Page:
Preliminary Virtual Reality Therapy Trial for Agoraphobia Shows Promise

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Researchers investigated the alleviation of agoraphobia symptoms through use of the PsiousToolsuite, a virtual reality platform that features various augmented reality environments and 360º videos.
Researchers investigated the alleviation of agoraphobia symptoms through use of the PsiousToolsuite, a virtual reality platform that features various augmented reality environments and 360º videos.
The following article is part of conference coverage from the 2018 American Psychiatric Association (APA) Annual Meeting in New York, New York. Psychiatry Advisor's staff will be reporting breaking news associated with research conducted by leading experts in psychiatry. Check back for the latest news from APA 2018.

NEW YORK — A virtual reality therapy effectively mitigated symptoms in patients with agoraphobia, according to data from a study presented at the 2018 Annual Meeting of the American Psychiatric Association, held May 5-9 in New York City.

Maria Isabel Vasquez Suyo, MD, of Arzobispo Loayza National Hospital in Lima, Peru, and her team investigated the alleviation of agoraphobia symptoms through the use of the PsiousToolsuite, a virtual reality platform that features various augmented reality environments and 360º videos. The study included 15 outpatients who had been diagnosed with agoraphobia, which measured electrodermal response, subjective levels of stress, and cybersickness — a kind of motion sickness that is an adverse event associated with virtual reality therapy.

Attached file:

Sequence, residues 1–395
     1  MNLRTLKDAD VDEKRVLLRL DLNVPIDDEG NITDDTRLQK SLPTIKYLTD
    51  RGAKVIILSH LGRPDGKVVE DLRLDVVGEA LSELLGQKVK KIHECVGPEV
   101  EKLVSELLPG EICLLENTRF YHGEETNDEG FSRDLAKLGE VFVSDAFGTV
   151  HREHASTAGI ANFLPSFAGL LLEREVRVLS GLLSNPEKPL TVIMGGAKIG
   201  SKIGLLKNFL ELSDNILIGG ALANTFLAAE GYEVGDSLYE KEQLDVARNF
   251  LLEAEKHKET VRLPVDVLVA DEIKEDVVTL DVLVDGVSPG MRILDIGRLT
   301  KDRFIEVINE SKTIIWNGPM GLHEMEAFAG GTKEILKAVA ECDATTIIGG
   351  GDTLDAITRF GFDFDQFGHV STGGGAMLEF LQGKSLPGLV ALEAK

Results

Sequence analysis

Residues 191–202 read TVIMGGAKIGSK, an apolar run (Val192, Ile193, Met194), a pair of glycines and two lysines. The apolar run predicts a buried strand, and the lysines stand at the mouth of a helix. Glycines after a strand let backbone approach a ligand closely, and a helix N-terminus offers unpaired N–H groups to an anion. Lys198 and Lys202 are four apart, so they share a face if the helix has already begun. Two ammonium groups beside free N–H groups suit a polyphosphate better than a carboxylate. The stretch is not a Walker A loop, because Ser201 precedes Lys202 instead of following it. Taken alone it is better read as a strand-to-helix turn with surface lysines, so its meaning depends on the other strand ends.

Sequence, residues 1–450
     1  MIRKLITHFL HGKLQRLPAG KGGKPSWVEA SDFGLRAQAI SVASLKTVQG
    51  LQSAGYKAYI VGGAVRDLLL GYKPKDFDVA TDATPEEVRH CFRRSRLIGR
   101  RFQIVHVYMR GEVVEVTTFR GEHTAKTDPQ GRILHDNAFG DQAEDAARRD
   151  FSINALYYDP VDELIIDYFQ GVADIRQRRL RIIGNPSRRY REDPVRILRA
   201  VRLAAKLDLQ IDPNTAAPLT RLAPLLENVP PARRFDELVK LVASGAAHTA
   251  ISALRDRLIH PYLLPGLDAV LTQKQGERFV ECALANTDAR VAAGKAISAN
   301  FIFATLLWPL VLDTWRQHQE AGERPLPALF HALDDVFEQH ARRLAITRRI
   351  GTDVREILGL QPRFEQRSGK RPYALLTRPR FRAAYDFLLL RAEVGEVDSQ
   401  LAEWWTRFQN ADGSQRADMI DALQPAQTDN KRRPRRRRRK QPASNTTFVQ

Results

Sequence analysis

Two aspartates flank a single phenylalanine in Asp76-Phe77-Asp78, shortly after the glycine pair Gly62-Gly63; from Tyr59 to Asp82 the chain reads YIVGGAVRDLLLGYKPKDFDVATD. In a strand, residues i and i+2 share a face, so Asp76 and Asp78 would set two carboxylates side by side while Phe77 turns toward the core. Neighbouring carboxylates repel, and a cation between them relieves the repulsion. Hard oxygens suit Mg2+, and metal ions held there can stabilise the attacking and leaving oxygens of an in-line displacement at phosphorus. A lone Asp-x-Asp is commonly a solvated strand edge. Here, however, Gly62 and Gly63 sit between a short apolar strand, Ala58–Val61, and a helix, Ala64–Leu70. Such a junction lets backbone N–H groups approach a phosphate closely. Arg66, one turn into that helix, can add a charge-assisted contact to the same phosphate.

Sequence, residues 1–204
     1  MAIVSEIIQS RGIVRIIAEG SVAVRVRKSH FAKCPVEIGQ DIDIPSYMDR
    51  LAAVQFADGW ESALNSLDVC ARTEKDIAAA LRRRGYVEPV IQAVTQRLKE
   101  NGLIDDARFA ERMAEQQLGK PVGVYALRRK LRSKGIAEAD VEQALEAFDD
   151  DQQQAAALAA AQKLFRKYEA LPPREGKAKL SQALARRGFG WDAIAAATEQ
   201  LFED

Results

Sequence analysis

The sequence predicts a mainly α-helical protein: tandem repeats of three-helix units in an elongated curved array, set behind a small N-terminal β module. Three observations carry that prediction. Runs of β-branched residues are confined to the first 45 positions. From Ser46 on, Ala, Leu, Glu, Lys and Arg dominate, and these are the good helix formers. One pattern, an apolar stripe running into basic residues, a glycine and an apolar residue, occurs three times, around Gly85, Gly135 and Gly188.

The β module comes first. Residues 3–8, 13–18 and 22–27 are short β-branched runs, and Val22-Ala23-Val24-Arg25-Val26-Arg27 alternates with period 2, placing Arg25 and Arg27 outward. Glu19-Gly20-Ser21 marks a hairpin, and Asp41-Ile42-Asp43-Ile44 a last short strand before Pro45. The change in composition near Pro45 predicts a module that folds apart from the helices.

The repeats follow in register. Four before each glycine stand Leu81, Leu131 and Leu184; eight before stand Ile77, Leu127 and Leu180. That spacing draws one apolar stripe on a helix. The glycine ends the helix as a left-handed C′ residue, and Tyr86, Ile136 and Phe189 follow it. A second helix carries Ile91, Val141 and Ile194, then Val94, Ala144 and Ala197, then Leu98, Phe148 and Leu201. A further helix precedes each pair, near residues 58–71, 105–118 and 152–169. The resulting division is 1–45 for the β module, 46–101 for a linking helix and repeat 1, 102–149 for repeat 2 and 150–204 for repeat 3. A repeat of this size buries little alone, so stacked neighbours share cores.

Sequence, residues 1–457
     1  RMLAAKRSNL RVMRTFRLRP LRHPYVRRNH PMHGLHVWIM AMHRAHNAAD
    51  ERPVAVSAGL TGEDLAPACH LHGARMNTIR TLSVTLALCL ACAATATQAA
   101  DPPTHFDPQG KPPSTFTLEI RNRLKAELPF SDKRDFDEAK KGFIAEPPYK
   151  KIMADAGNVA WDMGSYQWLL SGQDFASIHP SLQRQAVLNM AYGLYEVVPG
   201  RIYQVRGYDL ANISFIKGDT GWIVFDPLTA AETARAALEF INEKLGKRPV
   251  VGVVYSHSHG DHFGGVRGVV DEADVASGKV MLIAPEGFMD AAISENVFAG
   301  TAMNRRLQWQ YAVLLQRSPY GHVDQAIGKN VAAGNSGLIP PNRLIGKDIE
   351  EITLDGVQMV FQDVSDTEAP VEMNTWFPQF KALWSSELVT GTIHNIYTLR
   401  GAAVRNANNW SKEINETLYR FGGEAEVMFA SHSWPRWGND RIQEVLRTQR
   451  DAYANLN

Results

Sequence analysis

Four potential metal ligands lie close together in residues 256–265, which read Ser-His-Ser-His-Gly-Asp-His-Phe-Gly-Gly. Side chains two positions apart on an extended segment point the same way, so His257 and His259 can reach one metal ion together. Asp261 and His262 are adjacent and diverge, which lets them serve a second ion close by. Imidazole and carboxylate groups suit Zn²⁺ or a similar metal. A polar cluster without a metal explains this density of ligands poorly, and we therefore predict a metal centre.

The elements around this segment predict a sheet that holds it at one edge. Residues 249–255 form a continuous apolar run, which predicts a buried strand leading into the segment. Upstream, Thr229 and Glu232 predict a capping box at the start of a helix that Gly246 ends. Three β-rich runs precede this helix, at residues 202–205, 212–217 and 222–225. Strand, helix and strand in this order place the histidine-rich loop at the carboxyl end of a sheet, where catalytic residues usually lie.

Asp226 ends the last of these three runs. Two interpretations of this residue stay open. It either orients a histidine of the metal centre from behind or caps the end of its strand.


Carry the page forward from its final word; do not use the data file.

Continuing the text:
Over the course of 5 sessions, all participants saw a ≥50% improvement on the Subjective Units of Distress Scale, with 6 patients reporting an improvement of more than 7550%. 

Two patients reported side effects; 1 cybersickness and 1 headache.

While the interpretability of these findings is limited by the small participant pool, the study was among the first of its kind in Peru, Vasquez Suyo explained. She expressed her hopes for continued research on virtual reality therapies in Peru, as their findings corresponded to those from other studies around the world.

Previous research has hinted at the potential of virtual reality as a treatment for anxiety, both clinically and logistically, as no medication is involved and the equipment is portable. Currently, some virtual reality systems require expensive headsets and peripheral equipment, plus relatively large rooms to accommodate their use. But the development of effective implementation could make virtual reality a serious, accessible therapy for individuals with specific phobias and other anxiety disorders.

For more coverage of APA 2018, click here.

Reference

Vasquez Suyo, M. Agoraphobia treatment with virtual reality in a general hospital outpatients. Presented at: 2018 American Psychiatric Association (APA) Annual Meeting; New York, New York; May 5-9. Poster 21.


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